Almendra - Almendra + Almendra II (1969-70)
Genre: Argentina, Progressive rock
1. Tema De Pototo - (studio)
2. El Mundo Entre Las Manos - (studio)
3. Hoy Todo El Hielo En La Ciudad - (studio)
4. Campos Verdes - (studio)
5. Gabinetes Espaciales - (studio)
6. Final - (studio)
7. Muchacha (Ojos De Papel) - (studio)
8. Color Humano - (studio)
9. Figuracion - (studio)
10.Ama No Duerme - (studio)
11.Fermin - (studio)
12.Plegaria Para Un Nino Dormido - (studio)
13.Estos Hombres Tristes, A - (studio)
14.Que El Viento Borro Tus Manos - (studio)
15.Laura Va - (studio)
16.Hermano Perro - (studio)
17.Mestizo - (studio)
18.Toma El Tren Hacia El Sur - (studio)
19.Jingle - (studio)
20.Rutas Argentinas - (studio)
When this album finally came out in Argentina, it was a wonderful day for hundreds of us, young people who long for a "long-play" vinyl from Almendra. They had already released some singles and play the few venues dedicated to this kind of music then but, by and large, they remained a band who few knew, compared to the throngs still digging the bands who were still singing in English, more concerned with selling records than breaking new ground. But, then, this album was released and popular music was not the same anymore, at least in Buenos Aires.
Now, many could argue that Almendra was not the beginning, and they are right. They weren't the first nor the only ones but they extended the "fan base" for non-Tango urban music exponentially. Listening to it again now, some 35 years later, it's clear some songs have aged better than others, yet many of the themes and the level of playing is not different from a lot of indie band sprouting all over America right now -I'm thinking of the current San Francisco folk scene, for instance.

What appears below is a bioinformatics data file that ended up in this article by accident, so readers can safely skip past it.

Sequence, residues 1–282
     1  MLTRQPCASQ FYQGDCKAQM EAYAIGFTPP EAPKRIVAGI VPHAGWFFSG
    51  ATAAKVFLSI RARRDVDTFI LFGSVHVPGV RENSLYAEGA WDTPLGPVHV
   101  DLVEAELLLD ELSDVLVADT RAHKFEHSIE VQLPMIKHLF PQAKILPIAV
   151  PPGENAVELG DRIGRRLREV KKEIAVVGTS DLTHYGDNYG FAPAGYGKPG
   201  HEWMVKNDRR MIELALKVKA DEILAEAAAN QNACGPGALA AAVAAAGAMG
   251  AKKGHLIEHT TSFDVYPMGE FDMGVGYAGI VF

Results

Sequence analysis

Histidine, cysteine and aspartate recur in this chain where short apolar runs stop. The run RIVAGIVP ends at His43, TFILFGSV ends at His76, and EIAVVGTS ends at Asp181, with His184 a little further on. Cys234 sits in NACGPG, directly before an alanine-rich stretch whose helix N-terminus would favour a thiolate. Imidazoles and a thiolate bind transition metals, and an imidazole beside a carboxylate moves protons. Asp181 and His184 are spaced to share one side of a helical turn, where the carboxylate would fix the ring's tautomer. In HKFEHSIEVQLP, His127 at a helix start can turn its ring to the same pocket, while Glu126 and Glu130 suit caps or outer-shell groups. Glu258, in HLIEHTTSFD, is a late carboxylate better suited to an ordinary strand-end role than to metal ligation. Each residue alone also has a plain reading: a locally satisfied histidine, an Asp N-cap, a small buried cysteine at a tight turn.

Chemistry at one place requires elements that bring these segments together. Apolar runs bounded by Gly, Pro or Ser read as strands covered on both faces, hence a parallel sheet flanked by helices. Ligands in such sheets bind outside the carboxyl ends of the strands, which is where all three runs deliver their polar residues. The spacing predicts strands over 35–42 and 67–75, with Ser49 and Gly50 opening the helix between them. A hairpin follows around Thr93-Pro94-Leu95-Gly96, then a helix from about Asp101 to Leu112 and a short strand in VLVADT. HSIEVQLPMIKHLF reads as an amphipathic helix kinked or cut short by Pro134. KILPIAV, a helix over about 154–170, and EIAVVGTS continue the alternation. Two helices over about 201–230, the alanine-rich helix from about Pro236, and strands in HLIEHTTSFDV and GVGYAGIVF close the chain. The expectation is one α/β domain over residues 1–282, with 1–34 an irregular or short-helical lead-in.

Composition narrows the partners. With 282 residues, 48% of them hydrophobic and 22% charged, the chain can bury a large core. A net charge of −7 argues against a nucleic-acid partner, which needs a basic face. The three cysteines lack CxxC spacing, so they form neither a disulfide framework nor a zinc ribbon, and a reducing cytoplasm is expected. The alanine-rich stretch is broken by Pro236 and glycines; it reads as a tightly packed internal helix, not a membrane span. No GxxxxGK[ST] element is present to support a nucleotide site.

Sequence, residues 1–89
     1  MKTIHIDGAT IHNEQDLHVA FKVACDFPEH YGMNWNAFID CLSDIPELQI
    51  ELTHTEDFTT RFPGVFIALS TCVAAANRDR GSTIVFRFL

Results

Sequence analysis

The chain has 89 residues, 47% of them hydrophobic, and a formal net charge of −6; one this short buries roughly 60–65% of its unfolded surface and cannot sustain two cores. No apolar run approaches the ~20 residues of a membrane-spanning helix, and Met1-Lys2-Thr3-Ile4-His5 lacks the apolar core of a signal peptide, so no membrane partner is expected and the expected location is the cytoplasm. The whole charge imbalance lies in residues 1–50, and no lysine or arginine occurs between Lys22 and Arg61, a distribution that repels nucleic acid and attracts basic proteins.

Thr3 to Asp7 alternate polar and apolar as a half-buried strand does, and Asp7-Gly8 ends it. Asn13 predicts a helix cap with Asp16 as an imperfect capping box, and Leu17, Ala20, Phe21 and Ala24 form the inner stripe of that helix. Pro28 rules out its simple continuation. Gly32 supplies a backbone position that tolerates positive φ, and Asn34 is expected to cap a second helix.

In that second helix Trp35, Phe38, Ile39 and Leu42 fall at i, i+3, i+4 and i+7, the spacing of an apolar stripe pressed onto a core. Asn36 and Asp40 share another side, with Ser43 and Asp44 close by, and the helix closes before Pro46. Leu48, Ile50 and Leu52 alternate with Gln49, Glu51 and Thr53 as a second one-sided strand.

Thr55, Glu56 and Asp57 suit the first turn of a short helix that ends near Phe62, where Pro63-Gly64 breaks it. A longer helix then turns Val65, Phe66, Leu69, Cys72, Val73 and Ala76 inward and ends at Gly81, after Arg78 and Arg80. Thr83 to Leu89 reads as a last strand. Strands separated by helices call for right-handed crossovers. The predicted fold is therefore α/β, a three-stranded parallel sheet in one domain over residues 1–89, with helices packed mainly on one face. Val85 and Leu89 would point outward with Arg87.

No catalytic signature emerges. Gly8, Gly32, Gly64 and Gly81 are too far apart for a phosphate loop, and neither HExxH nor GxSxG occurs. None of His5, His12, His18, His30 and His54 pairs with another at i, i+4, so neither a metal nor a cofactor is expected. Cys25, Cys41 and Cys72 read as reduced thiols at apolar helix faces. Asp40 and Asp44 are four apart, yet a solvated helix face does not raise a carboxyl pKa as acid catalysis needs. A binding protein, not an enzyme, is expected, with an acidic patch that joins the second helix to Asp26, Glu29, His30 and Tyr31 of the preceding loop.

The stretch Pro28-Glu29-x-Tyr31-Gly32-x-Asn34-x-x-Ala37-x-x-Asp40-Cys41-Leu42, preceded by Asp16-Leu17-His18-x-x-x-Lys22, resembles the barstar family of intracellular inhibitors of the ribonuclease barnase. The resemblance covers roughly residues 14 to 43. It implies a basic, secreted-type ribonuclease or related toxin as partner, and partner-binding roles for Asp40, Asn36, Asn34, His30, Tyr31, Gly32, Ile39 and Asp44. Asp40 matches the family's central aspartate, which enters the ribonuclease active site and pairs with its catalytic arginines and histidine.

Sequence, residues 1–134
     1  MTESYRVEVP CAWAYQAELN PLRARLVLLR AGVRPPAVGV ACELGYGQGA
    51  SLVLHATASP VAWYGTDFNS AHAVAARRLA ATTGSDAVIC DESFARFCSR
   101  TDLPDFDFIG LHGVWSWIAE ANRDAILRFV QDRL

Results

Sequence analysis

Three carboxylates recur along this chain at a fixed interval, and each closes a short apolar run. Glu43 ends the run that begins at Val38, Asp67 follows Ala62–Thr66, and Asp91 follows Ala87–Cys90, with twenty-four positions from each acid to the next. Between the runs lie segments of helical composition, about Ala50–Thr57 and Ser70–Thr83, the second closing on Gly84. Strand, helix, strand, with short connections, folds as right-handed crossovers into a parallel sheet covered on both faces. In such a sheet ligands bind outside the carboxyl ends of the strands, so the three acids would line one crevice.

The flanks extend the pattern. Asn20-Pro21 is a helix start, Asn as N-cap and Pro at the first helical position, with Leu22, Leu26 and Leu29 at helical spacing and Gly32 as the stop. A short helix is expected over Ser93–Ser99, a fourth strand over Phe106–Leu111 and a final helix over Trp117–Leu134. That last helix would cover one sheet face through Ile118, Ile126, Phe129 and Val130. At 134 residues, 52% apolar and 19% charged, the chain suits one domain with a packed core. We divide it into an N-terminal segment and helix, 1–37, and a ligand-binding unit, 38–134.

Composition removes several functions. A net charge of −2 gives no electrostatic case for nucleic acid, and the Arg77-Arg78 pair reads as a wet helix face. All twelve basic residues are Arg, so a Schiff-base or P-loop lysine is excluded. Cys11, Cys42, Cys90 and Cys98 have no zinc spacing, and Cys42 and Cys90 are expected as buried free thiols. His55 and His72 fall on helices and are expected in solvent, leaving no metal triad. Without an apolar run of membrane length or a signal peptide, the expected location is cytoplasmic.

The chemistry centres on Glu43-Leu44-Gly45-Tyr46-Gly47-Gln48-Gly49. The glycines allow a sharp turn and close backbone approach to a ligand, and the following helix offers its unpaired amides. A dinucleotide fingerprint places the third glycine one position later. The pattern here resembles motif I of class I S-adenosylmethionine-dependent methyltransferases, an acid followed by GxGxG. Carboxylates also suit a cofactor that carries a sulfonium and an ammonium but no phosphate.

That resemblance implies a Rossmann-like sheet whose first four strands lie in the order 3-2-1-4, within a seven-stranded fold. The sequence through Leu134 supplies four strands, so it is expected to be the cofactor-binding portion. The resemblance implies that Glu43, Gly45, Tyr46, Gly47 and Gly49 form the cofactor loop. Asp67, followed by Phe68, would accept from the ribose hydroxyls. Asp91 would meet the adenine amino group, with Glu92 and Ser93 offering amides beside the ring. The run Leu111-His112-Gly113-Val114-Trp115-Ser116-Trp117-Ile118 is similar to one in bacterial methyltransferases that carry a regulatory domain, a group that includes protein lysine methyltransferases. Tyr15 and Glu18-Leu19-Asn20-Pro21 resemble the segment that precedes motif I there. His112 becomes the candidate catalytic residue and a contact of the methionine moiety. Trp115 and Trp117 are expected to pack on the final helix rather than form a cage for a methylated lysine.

Here you have beautiful ballads, classics really, about young women ("Muchacha Ojos de Papel" and "Laura Va"), concerns with what reality -really- is ("Figuracion"), and witnessing people losing sight of what life is all about ("A Estos Hombres Tristes"). See what I mean? Things that young people are still concerned about, and thank God for that!
Even if you don't speak Spanish, you'll fall in love with Luis Alberto Spinetta's voice, their lead singer and predominant composer/poet.` If you know the language or, even more, if grew up down South -extremely South- this album holds a wealth of memorable songs. If you weren't there then, imagine "Rubber Soul" coming out, and you'll get the picture.
PS: this edition also contains all singles before the album came out as well as some songs from their double album follow-up.
Emilio Del Guercio
Luis Alberto Spinetta
Rodolfo Garcha*Almendra II (1970)
2. No Tengo Idea
3. Camino Dificil
4. Vete De Mi Cuervo Negro
5. Aire De Amor
6. Agnus Dei
7. Para Ir
9. Cometa Azul
10. Florecen Los Nardos
12. Amor De Aire
13. Verde Llano
14. Leves Instrucciones
15. Los Elefantes
16. Un Pajaro Te Sostiene
17. En Las Cupulas
Though nobody thought about it when the whole thing started, nowadays everybody agrees that the Argentine rock movement was stablished by three groups: Los Gatos, Manal, and Almendra.
While Los Gatos played beat-pop, and Manal played urban blues, Almendra (Almond) played something completely creative, innovative and... different. No other group had sounded that way before! Almendra played beautiful melodies and magnificent lyrics, sometimes mixed with extremely moody sounds and sometimes mixed with extremely furious -but always melodic- lines.
Almendra was formed in 1968 after the break up of three teenage school groups: Los Sbirros, Los Mods, and Los Larkins. The initial rehearsals were held at the Spinettaґs house in Belgrano (an upper-middle class neighbourhood of Buenos Aires). By mid 1968, they met producer Ricardo Kleiman, who signed them for a single. (Kleiman was the owner of an important clothing shop -Modart- and ran a radio show -Modart en la Noche /Modart at Night- that aired the latest editions of beat and rock music of the world).
On September 20th, 1968, "Tema de Pototo" (a.k.a. "Para saber cуmo es la soledad") b/w "El mundo entre las manos" was released. "Tema de Pototo" is a beautiful beat ballad about a friend they thought was dead. Both sides feature orchestral arrangements by Rodolfo Alchourrуn (a producerâ™s request). This was the starting point of the brief career of one of the most wonderful groups in the world!
By the end of the year, "Hoy todo el hielo en la ciudad" with a great fuzz guitar work by Edelmiro, hit the stores. The b-side features "Campos verdes" from which a promotional film was made.